Friends, Enemies, and Party Discipline

The Obama administration, through its Eric Holder DoJ, has decided to prosecute Senator Robert Menendez (D, NJ) on various charges of misbehavior, charges which the administration and the NLMSM have been bruiting about for roughly three years. Why bring the charges now? Because we’re in the end game of the Obama “negotiations” with Iran over the latter’s nuclear weapons program, and the deal being talked about will codify Iran’s ability to build nuclear weapons. Menendez is a powerful Democrat, and he’s been a vocal critic of Obama and his Iran “negotiations.”

The attack on Menendez already has borne fruit: he’s stepped down from his position as Ranking Member of the Senate’s Foreign Relations Committee. This committee will have a strong input on pending legislation that will give Congress an oversight say on that pending deal with Iran (or force Obama’s veto of oversight of him and his actions); the prosecution and Menendez’ withdrawal from the committee dilute Democrats’ participation in that legislation.

On the other hand (just across the street, as it were), the Obama administration, through its Eric Holder DoJ, has declined to prosecute the administration’s IRS’ Lois Lerner on the contempt of Congress charges brought by Congress. Lerner is a friend of the administration; she’s the one who headed up the IRS’ attacks on conservative political organizations, “lost” emails regarding those attacks, and then refused to cooperate with Congress’ investigation.

I often say at this point, and I say now: this is the level of integrity of the Democratic Party; remember this in 2016.

Some might say, though, that there are honest Democrats in the party. For instance, isn’t Menendez, a target of Party persecution [sic] one such? Of course, there may well be. But where is their integrity when they associate themselves with a fundamentally dishonest organization? What does their silence on this sort of thing say about them?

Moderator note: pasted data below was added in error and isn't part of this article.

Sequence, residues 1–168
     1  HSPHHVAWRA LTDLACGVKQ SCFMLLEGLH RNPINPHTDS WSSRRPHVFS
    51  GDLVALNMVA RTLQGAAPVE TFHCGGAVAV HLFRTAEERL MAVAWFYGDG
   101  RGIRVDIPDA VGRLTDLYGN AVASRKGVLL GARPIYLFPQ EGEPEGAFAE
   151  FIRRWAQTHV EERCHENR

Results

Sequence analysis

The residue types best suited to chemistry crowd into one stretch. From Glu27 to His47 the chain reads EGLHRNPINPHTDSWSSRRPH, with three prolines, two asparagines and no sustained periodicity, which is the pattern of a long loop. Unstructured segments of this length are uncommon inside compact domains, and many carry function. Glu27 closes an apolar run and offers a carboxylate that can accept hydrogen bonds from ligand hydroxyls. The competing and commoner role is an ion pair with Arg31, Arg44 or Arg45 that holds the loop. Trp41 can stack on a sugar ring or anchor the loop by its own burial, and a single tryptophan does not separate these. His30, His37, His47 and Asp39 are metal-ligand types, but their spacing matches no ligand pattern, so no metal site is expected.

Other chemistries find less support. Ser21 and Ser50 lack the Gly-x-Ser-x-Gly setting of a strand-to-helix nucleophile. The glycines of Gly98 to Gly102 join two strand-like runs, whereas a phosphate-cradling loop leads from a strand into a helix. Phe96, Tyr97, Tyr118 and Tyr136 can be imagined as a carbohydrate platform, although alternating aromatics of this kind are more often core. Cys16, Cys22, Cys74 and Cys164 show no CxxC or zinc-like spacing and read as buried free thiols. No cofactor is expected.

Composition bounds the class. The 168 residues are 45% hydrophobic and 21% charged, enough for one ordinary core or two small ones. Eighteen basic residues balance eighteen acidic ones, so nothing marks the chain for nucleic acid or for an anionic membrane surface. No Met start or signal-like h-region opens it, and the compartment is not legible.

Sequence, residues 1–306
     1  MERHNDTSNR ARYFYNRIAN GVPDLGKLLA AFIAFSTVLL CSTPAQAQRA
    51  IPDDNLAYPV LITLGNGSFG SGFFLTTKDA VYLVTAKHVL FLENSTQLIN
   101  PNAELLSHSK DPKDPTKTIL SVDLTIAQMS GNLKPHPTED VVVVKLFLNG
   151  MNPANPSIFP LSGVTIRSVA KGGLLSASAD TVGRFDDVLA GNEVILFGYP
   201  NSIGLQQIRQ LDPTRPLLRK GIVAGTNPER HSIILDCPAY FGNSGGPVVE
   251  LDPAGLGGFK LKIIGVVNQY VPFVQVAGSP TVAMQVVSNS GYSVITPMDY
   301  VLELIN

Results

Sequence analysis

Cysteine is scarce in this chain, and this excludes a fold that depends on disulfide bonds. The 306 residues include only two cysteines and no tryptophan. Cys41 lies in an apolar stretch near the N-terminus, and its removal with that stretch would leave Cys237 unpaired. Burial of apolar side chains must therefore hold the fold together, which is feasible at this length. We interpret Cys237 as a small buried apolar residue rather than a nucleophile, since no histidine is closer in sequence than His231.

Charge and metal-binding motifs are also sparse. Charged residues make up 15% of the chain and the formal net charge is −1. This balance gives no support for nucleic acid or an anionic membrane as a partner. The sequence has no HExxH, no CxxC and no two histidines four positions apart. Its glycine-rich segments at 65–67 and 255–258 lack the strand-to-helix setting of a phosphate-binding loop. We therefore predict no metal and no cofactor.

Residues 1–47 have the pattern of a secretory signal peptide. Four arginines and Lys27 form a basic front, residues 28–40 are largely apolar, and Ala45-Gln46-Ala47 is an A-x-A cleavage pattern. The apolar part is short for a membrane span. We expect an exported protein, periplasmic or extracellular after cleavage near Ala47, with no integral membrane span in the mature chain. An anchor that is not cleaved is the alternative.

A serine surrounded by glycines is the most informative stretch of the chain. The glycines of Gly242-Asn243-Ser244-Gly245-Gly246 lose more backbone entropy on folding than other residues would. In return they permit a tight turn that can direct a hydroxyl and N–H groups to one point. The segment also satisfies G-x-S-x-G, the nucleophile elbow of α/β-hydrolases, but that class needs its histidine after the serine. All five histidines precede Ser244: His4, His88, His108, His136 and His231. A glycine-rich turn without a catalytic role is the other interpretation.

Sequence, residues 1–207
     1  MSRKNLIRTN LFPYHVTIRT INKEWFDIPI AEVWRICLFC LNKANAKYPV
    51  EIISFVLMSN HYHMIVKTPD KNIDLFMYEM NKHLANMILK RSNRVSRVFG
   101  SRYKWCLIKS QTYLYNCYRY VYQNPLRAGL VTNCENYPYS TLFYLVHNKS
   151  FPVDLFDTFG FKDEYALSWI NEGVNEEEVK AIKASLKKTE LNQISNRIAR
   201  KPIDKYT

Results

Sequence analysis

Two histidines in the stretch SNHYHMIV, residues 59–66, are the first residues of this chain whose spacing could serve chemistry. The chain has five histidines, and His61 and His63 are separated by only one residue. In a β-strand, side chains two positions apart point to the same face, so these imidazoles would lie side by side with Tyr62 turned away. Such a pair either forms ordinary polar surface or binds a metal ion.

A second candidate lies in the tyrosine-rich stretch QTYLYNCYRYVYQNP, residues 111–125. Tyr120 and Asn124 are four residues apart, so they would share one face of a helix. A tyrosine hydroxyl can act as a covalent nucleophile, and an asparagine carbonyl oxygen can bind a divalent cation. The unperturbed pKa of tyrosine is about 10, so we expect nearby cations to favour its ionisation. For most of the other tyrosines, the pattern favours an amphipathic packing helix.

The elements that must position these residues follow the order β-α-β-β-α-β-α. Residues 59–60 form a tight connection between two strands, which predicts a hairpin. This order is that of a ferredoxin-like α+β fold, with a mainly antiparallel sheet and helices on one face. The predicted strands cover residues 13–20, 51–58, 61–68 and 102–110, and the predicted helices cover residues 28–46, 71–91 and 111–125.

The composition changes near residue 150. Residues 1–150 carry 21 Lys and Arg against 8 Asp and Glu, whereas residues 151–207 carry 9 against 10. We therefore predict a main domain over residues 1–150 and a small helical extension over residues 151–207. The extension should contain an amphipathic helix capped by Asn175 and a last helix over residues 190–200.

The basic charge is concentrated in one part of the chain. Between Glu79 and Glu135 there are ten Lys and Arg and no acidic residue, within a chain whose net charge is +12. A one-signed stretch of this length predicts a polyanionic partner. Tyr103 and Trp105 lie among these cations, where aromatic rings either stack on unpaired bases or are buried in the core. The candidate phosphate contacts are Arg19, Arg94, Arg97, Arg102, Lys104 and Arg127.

Those honest Democrats in the Party can show themselves in one of two ways. One is to end their shameful silence, even in the face of the present Chicago-style Party discipline. The other, more powerful, way (especially since, honest or not, they’re badly tainted by their association with this Party) would be to leave the Democratic Party and form their own political party to compete against the Republicans and Democrats from a platform built explicitly on integrity.

Certainly, third parties generally don’t do well in American elections. The Republican Party began as a third party, and the Bull Moose Party was a third party with a powerful impact on our national elections. However, since then third party attempts since have failed (Nader’s and Perrot’s attempts, while famous, were ephemeral). The difference between those failures and the prior successes, though, is not an evolved political environment. The difference is that the lately third party attempts did not have established politicians as members or in their leadership, and aside from an ability to self-fund, they didn’t have the finances.

The honest members of the Democratic Party, however, both are well-known and established politicians, and they have effective and stable fund-raising capacity. A New Democracy Party, formed of these honest, now ex-, Democrats would be in an excellent position immediately to compete on the local and State level, and in just a few election cycles (see the Republican Party) to compete on the national level.

It’s not at all an insurmountable problem. If those honest Democrats are willing fight Party discipline and to show themselves.

Remember this, too, in 2016.

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